Ally Financial (NYSE:ALLY) has been doing everything it can and everything it should to position itself as best it could in a somewhat volatile environment. They've tackled their long-term debts, they lowered interest expense, lowered operational expenses, and diversified their portfolios to lower exposure.
Even so, the company's share price performance is quite puzzling, given that it surged after the COVID-19 pandemic to a high of almost $60.00 per share in late 2021 but has since come down over 50%. This is, I believe, on the back of the news on inflation, as the company still does a considerable amount of its operating in the automobile financing market, which is nearly first to get hit when prices go up, historically speaking.
There are certainly still risks, but I'll focus on what I see as the positive catalysts. I'll discuss the risks briefly at the end of the article, but if you want to get a deeper dive, you can read Harrison Schwartz's piece, Ally Financial: Bankruptcy Risk Grows As Auto Market Declines.
The main thing the company is banking on, pun intended, is to drive customers to its checking accounts and various other tools using promotions, primarily by offering higher interest rates on their deposits. This is something that most other banks are doing, but Ally Financial has done a little more to market these offers for customers of other banks. Their offered savings account rate is anywhere from 3% to 4.1%, and that's compared to other banks who offer around the average 0.19% nationally.
Even though the big banks have increased some of their savings and checking account interest rate, they remain low relative to what Ally Financial is offering and the financial institution has been working on marketing and promoting their offering to customers who increasingly want higher yields.
This is driving the company's onboarding of new customers and it should help their sales growth to remain quite healthy as they gain market share after moving more aggressively to build up their traditional checking banking to diversify away from offering loans as their main source of business.
It's not just that the company is doing good work with growing their sales, which are currently projected to grow at an accelerating rate over the next 36 months as they expect more customers to come for their banking and loan needs as well as their existing customers making more deposits and taking out more loans and other paid services.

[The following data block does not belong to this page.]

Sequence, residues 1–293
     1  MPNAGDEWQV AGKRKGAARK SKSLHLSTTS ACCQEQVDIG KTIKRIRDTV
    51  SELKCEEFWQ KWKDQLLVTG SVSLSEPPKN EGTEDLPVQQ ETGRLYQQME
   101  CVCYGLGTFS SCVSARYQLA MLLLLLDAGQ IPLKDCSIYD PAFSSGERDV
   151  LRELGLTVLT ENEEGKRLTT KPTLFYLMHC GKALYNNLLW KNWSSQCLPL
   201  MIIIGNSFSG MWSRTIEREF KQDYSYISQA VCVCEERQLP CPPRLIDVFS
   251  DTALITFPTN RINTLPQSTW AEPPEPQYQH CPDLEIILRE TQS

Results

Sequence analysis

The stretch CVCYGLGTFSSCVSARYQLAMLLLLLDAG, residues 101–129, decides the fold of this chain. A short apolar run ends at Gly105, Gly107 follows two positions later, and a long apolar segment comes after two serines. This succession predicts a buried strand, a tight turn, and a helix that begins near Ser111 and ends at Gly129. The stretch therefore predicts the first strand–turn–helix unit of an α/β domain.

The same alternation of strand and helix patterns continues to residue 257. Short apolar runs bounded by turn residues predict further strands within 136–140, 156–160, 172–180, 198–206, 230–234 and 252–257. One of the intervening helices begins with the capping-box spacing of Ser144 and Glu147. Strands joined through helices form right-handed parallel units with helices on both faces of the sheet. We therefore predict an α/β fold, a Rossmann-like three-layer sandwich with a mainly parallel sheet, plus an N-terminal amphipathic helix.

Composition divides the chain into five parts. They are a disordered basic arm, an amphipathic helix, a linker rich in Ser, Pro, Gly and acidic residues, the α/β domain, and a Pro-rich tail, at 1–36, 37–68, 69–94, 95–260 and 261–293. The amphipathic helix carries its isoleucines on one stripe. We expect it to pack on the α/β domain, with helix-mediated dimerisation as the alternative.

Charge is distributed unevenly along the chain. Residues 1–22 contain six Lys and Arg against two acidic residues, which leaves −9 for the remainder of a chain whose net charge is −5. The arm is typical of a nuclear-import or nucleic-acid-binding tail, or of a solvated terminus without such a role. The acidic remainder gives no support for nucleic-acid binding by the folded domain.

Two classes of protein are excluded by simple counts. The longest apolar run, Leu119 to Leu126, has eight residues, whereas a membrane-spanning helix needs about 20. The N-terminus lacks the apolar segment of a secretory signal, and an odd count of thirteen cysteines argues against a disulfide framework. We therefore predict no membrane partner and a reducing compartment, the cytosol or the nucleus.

When it comes to the company's current expectations - analysts and market experts project that the company will continue to report higher provisions for loan losses as the automotive loan sectors faces tough times due to spiking used and new car prices and lower appetite for trading in or upgrading cars by those who see their financial future in question with regards to employment.
This means that, currently, analysts expect the company's net income to remain subdued. Let's take the company's most recent reporting quarter as an example of what this means:
Interest income rose from $1.8 billion to $2.4 billion in the most recent quarter compared to the same time a year ago and 'other non interest income' rose from $767 million to $822 million on back of an increased customer base.
But the company faced higher interest expense due to their long-term debt faces higher interest rates and interest-bearing deposits make up most of their total deposits. This means that although interest income was higher by almost $600 million, their net interest income (interest income minus interest expense) only rose by $220 million.
Furthermore, the company reported a profit from sales of investment securities in the reporting quarter last year but reported a loss of over $189 million in the most recent quarter this year - leading to a net loss in net of more than $200 million relative to the same period last year.
While these factors I just mentioned are bad for the company, and they're expected to continue and report these loan losses as default rates on car loans increase, the long-term trajectory is quite healthy for the company.